Maryland Sheep and Wool Festival

| 5/12/2015 8:05:28 AM

I have been attending the Maryland Sheep and Wool Festival with my husband for sixteen years, since the first year we were married and farming. Back then we would dream about keeping sheep on our newly purchased pasture as we walked through the stalls of sheep—Jacob, Barbados, Merino, Southdown and all the rest. We would laugh about putting a couple haybales in the back of the outback and bringing home a sheep or two. Then we had a baby and we’d toddle him past the sheep and say what fun sheep would be to keep. Our kids grew up loving our visits to Sheep and Wool. I could sit on the hill and watch the professional sheep shearers all day, as they clip beautiful fleeces off beautiful sheep. Maryland's own talented shearer, Emily Chamelin, gives wonderful demonstrations of sheep shearing. 

After my friends taught me to knit, I had to attend two days, one as an aspiring shepherd with my family and one on my own as knitter and collector of yarn. Booth after booth of lovely yarn. I learned wet-felting and needle-felting, and I gleaned the booths for the beautiful wool roving, in stunning natural colors and vibrant dyed ones. Every fiber art of your dreams, it is all represented in the booths of this festival, one of the largest of its kind.

Some years I attend with a new crafty inspiration, ready for fuel. Sometimes I go without inspiration at all, and I see what catches me. A couple years ago, my husband spied a felt wizard hat, so I came home and made him one. Last year I came home with a spinning wheel. This year a needle-felted lion caught my eye.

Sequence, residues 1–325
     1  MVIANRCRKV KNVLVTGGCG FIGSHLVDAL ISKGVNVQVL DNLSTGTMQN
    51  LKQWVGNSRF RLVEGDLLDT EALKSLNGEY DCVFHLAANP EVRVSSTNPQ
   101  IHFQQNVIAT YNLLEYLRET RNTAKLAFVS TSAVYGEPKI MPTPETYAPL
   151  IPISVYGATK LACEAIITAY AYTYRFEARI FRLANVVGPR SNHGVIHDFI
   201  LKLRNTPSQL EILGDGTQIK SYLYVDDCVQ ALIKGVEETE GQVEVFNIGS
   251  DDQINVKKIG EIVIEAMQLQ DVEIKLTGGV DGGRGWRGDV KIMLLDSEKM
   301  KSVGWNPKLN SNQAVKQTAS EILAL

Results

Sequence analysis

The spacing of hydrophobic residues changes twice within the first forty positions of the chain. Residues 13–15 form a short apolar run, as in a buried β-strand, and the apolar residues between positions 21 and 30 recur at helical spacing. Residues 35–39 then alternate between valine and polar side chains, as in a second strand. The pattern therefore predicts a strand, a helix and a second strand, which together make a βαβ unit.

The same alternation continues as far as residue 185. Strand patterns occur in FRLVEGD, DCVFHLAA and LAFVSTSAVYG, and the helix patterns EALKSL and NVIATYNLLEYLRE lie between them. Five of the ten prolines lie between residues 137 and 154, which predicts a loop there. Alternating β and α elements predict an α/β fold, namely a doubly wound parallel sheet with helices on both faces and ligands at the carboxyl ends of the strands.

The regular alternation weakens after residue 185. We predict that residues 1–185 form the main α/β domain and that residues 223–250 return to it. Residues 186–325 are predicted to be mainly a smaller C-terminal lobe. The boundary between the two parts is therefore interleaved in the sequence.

Wool Lion

Sara from Sarafina Fiber Arts, a new vendor at the Sheep and Wool Festival, made this incredible creature. As my friend said, “It doesn’t even look fake!” On my third visit to her booth, I figured out what I wanted to do. I purchased supplies from Sara to step up my needle-felting skills. I have spent some time needle-felting animals, mainly focusing on facial features. Now I can add wire structures to achieve more detail, structural support, and moveable parts. I teach homeschool kids how to needle-felt and I am excited to step up the instruction I can offer them.

She has clever tips and structural materials to make the small details feasible, like flexible wire for the fingers of a raccoon. Her tutorials are free online, and she sells the perfect wool blends and wires and tools to make it all come alive. I’m pretty excited about it.

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